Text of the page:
Why is April Sexual Assault Awareness Month?

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Martina Todaro, MA, Research Associate

As a non-profit that supports community-based solutions to complex public health challenges through research and evaluation, ICH partners with local organizations on a variety of relevant projects. While some are in the traditional realm of public health, others were not until recently. Homelessness and housing issues are examples of areas that were outside the sphere of this science before their intersection with health was widely understood. Most recently, sexual violence has also appeared on the list of public health issues, and for tragic reasons.

Data published by the Centers for Disease Control and Prevention in 2012 tells us that 1 in 5 adult women are raped at some point in their lives. 37.4% of them are first raped by the age of 24[1] . Let’s not be misguided by what we’ve become conditioned to believe sexual violence means (for example, a stranger jumping out of a bush in the middle of the night). Between 1995-2013, according to the US Department of Justice, 80% of female survivors knew their perpetrator[2]. While women are disproportionately victimized if compared to men, individuals with physical or intellectual[3]disabilities, regardless of their sex or gender identity, represent a disturbing 11.5% of victims of sexual violence.

In recent years, sexual violence prevention efforts have focused on engaging the public by raising awareness about the magnitude of the problem, and empowering individuals to be active bystanders. The Obama’s administration sent a clear message in this regard with the It’s on Us campaign. On a smaller scale, we can find programs that aim to change the conversation about sexual violence nationwide. Locally, for example, the Boston Area Rape Crisis Center provides training on active bystanding on college campuses, in efforts to advocate for social responsibility. Similarly, Jane Doe Inc., among other initiatives, engages men and fathers to promote positive masculinity and prevent teenage boys’ perpetration of a first sexual assault.

ICH recently worked with Triangle Inc, a local non-profit that empowers youth and adults with disabilities to enjoy independent, fulfilling lives in the community. Through the evaluation of their IMPACT:Ability program, a training on safety and self-advocacy for special education students in the Boston Public School system, ICH found increases in participants’ safety and self-advocacy knowledge, their confidence to defend themselves, their beliefs in their personal abilities, their sense of safety, and their likelihood to speak up to stop potentially abusive situations. Many of these changes were shown to be sustained even one year after the students first participated in the training, when ICH administered a follow-up survey.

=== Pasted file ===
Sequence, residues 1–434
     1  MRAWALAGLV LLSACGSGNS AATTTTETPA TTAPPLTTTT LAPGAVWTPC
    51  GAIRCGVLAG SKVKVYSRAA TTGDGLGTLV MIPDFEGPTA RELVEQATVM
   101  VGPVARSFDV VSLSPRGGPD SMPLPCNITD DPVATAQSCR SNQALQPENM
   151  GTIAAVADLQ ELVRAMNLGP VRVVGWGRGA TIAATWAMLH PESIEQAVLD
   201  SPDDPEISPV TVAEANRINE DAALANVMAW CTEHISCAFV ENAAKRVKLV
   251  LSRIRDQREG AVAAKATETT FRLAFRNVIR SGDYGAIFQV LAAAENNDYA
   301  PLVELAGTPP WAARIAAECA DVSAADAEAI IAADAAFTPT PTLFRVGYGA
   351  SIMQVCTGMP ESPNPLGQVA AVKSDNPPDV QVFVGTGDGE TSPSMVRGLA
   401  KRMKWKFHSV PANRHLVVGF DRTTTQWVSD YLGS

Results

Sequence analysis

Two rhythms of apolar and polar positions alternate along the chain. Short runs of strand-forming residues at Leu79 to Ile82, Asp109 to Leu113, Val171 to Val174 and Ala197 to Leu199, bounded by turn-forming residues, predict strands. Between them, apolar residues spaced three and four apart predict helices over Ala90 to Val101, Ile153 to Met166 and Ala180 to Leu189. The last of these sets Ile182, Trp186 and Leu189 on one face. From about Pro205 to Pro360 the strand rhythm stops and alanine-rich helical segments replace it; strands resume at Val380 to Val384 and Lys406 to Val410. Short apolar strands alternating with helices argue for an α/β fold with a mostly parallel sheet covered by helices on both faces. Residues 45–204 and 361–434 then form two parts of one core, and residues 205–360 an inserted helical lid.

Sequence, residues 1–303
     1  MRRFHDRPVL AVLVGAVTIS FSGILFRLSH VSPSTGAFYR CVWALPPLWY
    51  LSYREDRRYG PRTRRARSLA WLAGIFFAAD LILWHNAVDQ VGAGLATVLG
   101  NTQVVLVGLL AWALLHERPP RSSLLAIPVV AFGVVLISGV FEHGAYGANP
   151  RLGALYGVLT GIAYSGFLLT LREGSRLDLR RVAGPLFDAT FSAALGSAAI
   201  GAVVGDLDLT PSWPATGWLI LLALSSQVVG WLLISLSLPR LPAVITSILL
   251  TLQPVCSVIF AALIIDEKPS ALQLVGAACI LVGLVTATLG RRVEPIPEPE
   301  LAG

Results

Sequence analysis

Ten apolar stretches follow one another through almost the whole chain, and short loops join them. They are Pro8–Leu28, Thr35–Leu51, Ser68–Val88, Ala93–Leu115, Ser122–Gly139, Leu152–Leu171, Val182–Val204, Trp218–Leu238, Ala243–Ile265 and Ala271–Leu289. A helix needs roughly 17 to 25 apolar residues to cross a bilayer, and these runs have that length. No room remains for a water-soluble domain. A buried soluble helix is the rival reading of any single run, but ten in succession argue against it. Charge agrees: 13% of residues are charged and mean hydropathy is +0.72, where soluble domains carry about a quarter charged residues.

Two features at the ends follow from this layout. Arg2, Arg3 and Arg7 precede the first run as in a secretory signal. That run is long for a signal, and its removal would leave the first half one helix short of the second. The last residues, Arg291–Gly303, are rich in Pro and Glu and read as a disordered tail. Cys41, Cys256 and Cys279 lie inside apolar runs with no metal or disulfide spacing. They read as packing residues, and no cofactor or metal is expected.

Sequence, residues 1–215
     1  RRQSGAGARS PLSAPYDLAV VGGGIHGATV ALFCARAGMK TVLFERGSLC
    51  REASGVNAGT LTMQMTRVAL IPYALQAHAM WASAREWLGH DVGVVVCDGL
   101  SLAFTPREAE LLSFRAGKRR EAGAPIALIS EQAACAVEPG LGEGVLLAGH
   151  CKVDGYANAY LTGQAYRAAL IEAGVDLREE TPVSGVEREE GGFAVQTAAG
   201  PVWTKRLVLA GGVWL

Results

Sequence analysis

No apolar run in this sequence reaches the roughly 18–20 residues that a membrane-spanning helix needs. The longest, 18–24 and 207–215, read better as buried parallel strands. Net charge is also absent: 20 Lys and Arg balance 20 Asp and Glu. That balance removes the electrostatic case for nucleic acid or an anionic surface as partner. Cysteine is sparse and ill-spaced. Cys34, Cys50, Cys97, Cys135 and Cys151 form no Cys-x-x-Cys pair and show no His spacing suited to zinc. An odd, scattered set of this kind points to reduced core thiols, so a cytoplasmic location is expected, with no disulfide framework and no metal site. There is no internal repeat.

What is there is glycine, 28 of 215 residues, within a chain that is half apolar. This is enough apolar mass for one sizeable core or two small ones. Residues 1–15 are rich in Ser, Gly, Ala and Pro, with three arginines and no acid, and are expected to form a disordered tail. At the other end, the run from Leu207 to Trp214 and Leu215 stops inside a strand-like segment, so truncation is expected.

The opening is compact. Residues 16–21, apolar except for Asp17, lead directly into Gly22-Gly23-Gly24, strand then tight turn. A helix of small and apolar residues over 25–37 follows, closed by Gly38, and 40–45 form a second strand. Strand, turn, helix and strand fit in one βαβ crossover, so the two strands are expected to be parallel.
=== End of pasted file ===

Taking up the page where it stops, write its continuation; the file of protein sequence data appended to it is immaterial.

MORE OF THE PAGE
We hope that this study paves the road for other efforts to identify effective, long-lasting interventions enabling individuals, especially the most vulnerable ones, to recognize and get out of unsafe situations. Surprisingly, there is not a comprehensive body of literature on the intersectionality of abuse, including the ones of a sexual nature, level of ability, gender, and other factors such as race, class, and immigration status. Our hope is that, by acknowledging their interconnected nature, we can help ourselves become a more civically engaged, supportive community ready to step out of our comfort zone to make everyone feel safe.

If you want to know more about ICH’s IMPACT:Ability study check out: Dryden EM, Desmarais J, Arsenault L. Effectiveness of IMPACT:Ability to improve safety and self-advocacy skills in students with disabilities—follow-up study. J Sch Health. 2017; 87: 83-89.

[1] https://www.cdc.gov/ViolencePrevention/pdf/SV-DataSheet-a.pdf
[2] https://www.bjs.gov/content/pub/pdf/rsavcaf9513.pdf
[3] https://www.cdc.gov/ncbddd/disabilityandhealth/healthyliving.html